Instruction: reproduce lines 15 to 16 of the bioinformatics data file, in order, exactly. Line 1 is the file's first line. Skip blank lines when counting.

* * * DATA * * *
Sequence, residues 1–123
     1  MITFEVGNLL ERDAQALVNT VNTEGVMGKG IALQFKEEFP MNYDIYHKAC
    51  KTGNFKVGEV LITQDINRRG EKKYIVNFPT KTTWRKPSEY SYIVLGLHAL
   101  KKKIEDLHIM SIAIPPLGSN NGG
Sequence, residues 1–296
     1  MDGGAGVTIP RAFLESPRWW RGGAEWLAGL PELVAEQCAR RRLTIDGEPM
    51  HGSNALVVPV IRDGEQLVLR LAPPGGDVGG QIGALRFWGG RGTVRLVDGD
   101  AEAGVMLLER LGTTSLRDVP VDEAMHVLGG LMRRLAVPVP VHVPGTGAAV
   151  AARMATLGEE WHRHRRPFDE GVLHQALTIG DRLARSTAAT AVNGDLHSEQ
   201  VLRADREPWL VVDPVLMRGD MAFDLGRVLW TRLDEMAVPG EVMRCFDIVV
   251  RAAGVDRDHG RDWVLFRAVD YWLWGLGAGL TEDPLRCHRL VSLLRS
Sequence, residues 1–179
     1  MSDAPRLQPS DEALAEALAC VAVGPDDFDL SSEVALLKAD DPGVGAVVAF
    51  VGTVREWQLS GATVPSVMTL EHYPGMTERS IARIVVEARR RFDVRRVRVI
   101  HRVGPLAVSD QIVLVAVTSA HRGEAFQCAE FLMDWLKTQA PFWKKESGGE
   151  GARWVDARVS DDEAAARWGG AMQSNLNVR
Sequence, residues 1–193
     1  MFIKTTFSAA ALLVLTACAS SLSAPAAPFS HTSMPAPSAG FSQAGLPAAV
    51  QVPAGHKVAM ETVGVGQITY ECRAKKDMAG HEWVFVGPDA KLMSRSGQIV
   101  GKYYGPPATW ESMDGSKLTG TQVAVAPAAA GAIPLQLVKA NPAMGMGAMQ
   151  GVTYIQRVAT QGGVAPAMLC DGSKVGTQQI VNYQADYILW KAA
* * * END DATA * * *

   101  HRVGPLAVSD QIVLVAVTSA HRGEAFQCAE FLMDWLKTQA PFWKKESGGE
   151  GARWVDARVS DDEAAARWGG AMQSNLNVR